A public appraiser is an independent insurance professional that a policyholder can hire to help resolve an insurance claim on their behalf. A public appraiser is an insurance professional hired directly by a policyholder. They have the same skills and training as other claims adjusters, but they are not loyal to insurance companies. If insurance companies don't use a staff adjuster, they're likely to use an independent adjuster.
But don't be fooled by that title. Independent appraisers are simply contractors hired by the insurance company and who work for the insurance company. Policyholders should be aware that they are claiming the right amount and hiring a public appraiser can help guarantee this. Public appraisers are licensed insurance professionals who work on your behalf (not for the insurance company) to manage the entire insurance claim process from start to finish, ensuring that you get the maximum amount of money you are entitled to.
With a licensed public adjuster on your side, you have an advocate who works to get your claim resolved quickly and you can get back to life and business sooner. Public appraisers can file and negotiate claims for damage caused by floods, fires, smoke, wind and hurricanes, as well as for damage due to other hazards. In addition, public insurance appraisers evaluate the loss of property on behalf of the policyholder and help the policyholder file insurance claims in exchange for a fee. Verify that the public appraiser is a member of your state's trade association, which will have codes of ethics.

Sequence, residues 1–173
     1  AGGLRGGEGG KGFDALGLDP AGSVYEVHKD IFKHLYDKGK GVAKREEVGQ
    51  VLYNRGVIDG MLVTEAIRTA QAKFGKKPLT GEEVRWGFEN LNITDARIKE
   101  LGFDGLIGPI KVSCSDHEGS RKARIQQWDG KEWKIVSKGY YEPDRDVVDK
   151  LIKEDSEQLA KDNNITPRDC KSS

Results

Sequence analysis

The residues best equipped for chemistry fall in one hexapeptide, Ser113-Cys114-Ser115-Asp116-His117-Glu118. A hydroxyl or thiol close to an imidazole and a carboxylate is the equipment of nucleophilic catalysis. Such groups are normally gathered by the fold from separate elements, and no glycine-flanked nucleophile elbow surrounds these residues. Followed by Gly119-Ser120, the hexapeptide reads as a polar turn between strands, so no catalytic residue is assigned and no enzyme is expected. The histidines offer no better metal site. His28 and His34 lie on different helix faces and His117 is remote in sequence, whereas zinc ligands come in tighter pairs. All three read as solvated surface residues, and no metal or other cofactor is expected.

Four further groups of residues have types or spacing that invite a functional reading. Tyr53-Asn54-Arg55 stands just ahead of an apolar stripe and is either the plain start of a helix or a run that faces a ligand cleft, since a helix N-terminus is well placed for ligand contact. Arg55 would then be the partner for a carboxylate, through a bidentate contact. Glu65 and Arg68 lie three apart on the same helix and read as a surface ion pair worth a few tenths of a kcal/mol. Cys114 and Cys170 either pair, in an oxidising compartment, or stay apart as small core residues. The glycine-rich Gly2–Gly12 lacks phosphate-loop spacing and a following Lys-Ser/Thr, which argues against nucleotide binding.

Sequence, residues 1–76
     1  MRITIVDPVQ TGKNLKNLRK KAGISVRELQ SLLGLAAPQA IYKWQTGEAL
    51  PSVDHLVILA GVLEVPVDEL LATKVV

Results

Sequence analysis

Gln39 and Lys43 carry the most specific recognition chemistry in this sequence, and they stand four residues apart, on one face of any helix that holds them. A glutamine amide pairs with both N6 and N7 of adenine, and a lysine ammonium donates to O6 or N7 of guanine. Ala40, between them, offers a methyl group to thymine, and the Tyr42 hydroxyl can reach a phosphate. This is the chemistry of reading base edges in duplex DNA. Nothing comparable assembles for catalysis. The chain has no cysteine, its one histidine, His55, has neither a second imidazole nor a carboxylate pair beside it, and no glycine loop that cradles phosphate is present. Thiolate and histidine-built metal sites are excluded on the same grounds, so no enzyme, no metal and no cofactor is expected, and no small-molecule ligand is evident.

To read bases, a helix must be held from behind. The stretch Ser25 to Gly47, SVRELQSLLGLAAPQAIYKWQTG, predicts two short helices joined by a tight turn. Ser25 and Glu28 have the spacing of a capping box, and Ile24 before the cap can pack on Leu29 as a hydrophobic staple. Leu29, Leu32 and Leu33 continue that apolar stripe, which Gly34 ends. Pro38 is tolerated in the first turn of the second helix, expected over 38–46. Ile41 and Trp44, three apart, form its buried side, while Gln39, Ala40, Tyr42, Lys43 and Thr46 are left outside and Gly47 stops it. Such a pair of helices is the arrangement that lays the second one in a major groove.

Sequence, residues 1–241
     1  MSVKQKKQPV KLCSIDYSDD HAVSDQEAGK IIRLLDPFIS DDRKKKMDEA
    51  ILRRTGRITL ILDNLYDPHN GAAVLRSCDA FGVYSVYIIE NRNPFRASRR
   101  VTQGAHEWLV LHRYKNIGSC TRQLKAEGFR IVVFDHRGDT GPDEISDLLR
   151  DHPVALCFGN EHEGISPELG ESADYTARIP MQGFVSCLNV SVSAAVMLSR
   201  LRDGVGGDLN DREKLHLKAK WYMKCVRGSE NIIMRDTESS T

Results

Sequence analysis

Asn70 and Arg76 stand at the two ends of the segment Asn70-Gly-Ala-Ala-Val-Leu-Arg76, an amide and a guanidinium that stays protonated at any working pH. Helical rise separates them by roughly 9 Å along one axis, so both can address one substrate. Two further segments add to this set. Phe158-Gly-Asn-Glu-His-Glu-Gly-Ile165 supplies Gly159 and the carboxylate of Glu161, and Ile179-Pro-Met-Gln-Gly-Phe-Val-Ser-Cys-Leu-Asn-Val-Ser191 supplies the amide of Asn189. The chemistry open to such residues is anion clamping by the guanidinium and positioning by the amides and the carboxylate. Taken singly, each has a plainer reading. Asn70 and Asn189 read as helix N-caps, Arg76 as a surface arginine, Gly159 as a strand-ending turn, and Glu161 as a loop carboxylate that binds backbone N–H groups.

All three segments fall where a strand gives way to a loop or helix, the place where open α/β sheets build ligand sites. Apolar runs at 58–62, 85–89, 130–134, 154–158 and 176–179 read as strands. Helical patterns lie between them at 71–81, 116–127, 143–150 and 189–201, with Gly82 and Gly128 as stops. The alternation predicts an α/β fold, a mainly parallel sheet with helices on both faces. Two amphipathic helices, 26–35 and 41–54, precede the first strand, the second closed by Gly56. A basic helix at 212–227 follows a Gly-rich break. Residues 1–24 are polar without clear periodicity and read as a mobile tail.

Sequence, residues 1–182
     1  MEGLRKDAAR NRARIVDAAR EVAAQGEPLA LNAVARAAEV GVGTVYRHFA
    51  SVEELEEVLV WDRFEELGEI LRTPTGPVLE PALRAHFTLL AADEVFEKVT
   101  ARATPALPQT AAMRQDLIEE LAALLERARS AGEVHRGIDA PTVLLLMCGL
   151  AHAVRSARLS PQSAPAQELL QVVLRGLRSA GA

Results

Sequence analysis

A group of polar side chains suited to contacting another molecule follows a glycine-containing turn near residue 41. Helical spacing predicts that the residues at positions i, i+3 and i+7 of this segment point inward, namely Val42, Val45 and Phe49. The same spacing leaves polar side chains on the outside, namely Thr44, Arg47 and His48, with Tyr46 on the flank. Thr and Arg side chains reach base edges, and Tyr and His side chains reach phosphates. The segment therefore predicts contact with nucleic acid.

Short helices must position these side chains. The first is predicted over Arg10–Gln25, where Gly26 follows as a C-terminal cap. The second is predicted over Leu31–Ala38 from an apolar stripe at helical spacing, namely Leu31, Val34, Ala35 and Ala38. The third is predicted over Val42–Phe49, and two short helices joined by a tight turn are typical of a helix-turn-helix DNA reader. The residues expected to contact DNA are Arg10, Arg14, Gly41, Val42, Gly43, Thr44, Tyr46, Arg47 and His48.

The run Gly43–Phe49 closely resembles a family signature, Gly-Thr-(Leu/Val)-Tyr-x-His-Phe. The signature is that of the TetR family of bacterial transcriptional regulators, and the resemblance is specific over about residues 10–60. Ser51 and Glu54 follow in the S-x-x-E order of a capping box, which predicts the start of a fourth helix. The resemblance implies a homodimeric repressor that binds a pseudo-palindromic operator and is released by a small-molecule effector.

Generally, a public adjuster will charge a percentage of what the policyholder's insurance company ultimately pays for a claim. Public insurance appraisers are the only property loss professionals who work on behalf of policyholders. Public appraisers can help you read your policy for you, explain it in simple terms, organize the process, and document your losses and needs. A public adjuster can help them reopen a claim and file a supplemental claim for additional payments with their insurer.
Public appraisers can charge between 5% and 20% of their final settlement, depending on the amount of work involved and the complexity of the claim. However, if no one you know can make a recommendation, ask the public appraiser in question for contact information for some of your previous customers. Many public appraisers don't charge a fee to visit the site of the loss and determine if they will work with the policyholder on a case. According to the report, those who used public appraisers for non-catastrophic claims received settlements that were 584% higher.